It’s impossible to exaggerate the beauty of the mountains. All the way from the Canadian Rockies beginning in Banff, Alberta, through the semi-arid Kamloops area in the Thompson Valley, and on through the Cascade Mountains to Hope, British Columbia, it’s a non-stop series of jaw-dropping vistas. A quick stop in the town of Banff rewarded us with the sight and sound of an impressive bull elk “bugling” for dominance over a female harem and the right to breed.

In Revelstoke National Park, we stopped briefly at the Giant Cedars Boardwalk Trailwhere we walked through old growth western red cedar and were entertained by a particularly tame Steller’s jay. Later, in Kamloops, the highlight was seeing a flock of American white pelicans on the Thompson River. 

Steller’s Jay at Giant Cedars Boardwalk

               Leaving Kamloops, we took the tortuous Coquihalla (Highway 5) through the Cascade Mountains. With a posted speed limit of 120 km/h, steep climbs and descents, and numerous warnings of abrupt changes in the weather, the “Coq” was probably the most hair-raising part of the trip. It’s easy to see why this freeway is considered one of North America’s most dangerous roads, especially in winter.

American White Pelicans on the Thompson River at Kamloops
Surrey and vicinity

               After 4,600 km of driving, we arrived in Surrey where we spent two wonderful weeks with our daughter, son, and four grandchildren. I managed to get out most days for a few hours to enjoy the rich birdlife of the area. Every fall, a succession of shorebirds arrives on the mudflats and shores of nearby Boundary Bay, while waterfowl cover huge expanses of the water. Even in mid-October, thousands of dunlin were still passing through, along with hundreds of black-bellied plovers and lesser numbers of species like greater yellowlegs and marbled godwit. Tens of thousands of ducks – mostly American wigeon and northern pintail – were present, along with grebes and loons. On one occasion, I watched as a bald eagle flew over the ducks, sending a flock of thousands into the air. Moments later, a peregrine falcon rocketed by in hot pursuit of a yellowlegs.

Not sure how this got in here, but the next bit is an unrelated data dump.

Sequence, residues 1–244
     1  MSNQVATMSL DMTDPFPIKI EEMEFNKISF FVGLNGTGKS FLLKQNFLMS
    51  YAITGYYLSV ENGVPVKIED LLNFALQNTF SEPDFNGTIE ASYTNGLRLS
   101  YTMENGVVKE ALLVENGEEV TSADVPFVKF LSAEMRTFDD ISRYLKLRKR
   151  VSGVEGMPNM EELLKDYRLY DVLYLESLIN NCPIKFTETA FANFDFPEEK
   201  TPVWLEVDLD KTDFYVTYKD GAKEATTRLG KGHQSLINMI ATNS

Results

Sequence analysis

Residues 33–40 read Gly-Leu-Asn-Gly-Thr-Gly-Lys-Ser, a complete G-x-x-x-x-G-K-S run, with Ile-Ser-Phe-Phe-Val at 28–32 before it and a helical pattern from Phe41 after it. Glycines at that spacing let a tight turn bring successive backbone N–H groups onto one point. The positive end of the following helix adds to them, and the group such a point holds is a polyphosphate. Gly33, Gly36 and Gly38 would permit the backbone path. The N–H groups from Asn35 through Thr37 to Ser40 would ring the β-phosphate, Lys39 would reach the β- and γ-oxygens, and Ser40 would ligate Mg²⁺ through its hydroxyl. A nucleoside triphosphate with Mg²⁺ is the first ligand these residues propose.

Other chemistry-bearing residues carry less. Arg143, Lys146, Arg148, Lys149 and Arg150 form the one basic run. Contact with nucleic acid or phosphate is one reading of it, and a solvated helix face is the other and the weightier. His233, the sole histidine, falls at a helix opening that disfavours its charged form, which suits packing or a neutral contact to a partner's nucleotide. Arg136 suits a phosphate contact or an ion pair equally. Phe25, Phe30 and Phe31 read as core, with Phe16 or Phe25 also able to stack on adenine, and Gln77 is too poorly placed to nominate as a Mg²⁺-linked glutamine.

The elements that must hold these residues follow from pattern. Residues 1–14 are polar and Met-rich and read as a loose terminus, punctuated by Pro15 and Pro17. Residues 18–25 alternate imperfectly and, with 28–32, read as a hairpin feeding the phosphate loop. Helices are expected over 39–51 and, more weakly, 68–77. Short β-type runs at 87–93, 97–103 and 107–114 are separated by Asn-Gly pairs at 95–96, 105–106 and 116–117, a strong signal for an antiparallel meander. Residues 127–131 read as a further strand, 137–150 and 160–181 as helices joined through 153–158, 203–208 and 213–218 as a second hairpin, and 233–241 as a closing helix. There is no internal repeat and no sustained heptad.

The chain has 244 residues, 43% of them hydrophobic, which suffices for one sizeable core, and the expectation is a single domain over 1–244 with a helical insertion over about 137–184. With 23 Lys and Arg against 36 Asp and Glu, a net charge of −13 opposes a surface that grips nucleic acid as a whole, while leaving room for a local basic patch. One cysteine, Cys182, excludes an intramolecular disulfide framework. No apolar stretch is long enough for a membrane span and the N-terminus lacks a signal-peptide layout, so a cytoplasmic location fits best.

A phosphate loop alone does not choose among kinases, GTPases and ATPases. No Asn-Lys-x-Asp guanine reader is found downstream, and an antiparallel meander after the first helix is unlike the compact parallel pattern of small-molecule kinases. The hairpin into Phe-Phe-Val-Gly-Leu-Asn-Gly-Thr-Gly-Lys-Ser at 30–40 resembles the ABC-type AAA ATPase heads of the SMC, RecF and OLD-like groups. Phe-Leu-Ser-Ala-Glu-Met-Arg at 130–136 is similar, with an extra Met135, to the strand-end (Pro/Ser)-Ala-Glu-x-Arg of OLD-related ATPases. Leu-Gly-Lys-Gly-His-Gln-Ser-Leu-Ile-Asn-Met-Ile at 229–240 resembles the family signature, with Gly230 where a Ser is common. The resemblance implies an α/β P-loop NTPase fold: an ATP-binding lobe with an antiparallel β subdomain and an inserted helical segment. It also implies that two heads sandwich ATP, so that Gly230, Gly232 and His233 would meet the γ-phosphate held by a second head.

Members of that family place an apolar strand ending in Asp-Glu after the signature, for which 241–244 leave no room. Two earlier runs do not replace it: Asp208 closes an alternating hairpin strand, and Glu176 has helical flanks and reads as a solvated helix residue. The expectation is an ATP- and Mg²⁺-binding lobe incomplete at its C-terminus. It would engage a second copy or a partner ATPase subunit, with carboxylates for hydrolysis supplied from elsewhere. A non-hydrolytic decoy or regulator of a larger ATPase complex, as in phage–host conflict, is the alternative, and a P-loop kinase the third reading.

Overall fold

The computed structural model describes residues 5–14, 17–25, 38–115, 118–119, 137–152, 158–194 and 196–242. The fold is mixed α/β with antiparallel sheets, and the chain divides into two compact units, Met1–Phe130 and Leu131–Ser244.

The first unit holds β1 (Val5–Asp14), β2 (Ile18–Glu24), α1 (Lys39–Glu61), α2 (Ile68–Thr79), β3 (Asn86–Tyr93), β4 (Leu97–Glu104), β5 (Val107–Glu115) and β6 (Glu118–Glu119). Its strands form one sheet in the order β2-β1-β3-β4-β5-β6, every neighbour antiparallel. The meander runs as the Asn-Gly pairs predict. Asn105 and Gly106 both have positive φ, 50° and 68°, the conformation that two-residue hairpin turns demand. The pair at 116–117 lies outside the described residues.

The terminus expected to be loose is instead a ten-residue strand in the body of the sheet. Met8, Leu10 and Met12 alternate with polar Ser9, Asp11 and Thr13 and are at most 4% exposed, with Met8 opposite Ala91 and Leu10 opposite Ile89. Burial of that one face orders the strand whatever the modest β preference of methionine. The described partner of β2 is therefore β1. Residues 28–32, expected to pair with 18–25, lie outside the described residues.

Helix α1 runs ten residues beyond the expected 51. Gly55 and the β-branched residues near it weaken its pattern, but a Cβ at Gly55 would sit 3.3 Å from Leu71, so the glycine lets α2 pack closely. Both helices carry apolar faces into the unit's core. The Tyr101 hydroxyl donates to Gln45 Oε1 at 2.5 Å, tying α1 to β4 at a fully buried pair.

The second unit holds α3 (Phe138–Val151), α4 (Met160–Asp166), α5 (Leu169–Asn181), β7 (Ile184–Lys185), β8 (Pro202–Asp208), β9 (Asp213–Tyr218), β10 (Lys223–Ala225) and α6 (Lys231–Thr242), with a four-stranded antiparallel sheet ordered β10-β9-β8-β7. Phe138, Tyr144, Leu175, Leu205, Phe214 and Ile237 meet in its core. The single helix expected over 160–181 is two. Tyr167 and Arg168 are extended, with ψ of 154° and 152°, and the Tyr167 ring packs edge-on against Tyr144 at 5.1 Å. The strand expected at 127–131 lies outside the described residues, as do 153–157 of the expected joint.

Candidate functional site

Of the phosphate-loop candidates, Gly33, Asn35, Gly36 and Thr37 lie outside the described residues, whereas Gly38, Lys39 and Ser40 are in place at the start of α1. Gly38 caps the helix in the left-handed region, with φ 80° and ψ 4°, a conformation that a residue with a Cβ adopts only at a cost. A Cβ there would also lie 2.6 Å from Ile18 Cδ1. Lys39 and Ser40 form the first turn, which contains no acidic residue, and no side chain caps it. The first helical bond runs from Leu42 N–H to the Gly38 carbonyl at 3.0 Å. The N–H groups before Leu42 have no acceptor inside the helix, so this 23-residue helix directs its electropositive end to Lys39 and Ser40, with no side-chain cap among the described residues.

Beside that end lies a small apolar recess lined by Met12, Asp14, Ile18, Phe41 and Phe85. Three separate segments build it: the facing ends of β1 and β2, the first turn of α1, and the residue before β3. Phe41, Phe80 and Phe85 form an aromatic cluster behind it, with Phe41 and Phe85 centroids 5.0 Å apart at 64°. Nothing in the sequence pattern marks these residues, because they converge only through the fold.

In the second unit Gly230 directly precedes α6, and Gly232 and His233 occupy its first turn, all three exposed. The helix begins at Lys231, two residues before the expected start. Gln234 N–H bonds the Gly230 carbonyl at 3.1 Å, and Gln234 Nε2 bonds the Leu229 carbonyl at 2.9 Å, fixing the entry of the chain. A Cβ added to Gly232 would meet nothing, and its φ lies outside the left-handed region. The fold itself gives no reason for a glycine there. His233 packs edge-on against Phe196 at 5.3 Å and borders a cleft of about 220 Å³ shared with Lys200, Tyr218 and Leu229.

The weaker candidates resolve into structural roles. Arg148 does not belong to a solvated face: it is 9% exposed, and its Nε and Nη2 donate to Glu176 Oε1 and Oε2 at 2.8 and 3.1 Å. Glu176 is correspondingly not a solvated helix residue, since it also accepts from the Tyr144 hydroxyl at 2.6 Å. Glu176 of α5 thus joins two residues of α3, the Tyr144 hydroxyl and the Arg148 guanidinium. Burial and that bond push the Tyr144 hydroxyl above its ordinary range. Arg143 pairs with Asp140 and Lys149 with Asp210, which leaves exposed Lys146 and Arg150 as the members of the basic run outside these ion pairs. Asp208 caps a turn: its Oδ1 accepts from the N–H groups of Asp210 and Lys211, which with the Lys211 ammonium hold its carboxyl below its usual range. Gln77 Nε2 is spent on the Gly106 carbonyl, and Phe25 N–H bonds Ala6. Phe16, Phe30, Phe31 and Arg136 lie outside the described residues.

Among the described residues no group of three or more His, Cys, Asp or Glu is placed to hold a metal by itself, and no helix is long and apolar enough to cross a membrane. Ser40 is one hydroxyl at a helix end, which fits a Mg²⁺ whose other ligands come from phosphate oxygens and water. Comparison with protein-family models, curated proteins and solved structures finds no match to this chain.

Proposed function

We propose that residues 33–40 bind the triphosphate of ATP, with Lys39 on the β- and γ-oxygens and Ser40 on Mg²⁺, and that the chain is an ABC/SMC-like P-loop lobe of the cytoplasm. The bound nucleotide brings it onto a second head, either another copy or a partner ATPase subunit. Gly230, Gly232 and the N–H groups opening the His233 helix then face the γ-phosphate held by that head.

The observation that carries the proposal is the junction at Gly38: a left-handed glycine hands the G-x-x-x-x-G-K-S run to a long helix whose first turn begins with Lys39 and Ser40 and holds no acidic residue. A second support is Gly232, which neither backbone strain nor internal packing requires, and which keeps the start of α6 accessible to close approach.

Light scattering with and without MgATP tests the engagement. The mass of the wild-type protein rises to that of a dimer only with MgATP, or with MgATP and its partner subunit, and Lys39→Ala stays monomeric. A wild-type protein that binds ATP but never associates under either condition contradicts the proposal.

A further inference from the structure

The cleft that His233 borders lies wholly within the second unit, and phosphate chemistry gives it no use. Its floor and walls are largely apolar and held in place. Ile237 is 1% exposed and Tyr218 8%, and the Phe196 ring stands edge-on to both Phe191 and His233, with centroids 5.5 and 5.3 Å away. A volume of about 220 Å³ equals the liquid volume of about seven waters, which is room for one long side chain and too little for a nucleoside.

Every morning, I consulted the eBird app on my phone to see what birds had been recently observed. This allowed me to find a California scrub-jay in Delta, which was a new bird for my Canada list. The app also alerted me to several birds of interest at the 470-metre-long pier in White Rock. Readers may recall that the pier was severed in half in a storm two years ago. Hundreds of beautiful surf scoters were feeding in the shallow waters along with horned and red-necked grebes, common loons, and  pelagic cormorants. Further out in the bay, there were dozens of western grebes and red-throated loons. I was also able to reacquaint myself with black turnstones, which were roosting  on the rocks of the breakwater at the end of the pier.

               It was also wonderful to walk in the woods of nearby Sunnyside Acres. The sweet, earthy smell of the Pacific Northwest permeated the cool air. My grandson, Louie, made a game of running up and hugging  the towering Douglas-firs and western red cedars or ducking behind the huge sword ferns. Flocks of golden-crowned and ruby-crowned kinglets kept us company the entire time.